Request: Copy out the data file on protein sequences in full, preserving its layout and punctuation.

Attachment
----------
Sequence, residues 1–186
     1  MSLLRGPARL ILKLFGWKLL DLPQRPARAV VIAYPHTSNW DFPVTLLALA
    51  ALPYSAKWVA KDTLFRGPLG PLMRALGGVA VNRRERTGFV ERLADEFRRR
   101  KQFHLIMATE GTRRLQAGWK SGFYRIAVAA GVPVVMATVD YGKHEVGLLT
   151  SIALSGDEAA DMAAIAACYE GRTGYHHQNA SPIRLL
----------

Sequence, residues 1–186
     1  MSLLRGPARL ILKLFGWKLL DLPQRPARAV VIAYPHTSNW DFPVTLLALA
    51  ALPYSAKWVA KDTLFRGPLG PLMRALGGVA VNRRERTGFV ERLADEFRRR
   101  KQFHLIMATE GTRRLQAGWK SGFYRIAVAA GVPVVMATVD YGKHEVGLLT
   151  SIALSGDEAA DMAAIAACYE GRTGYHHQNA SPIRLL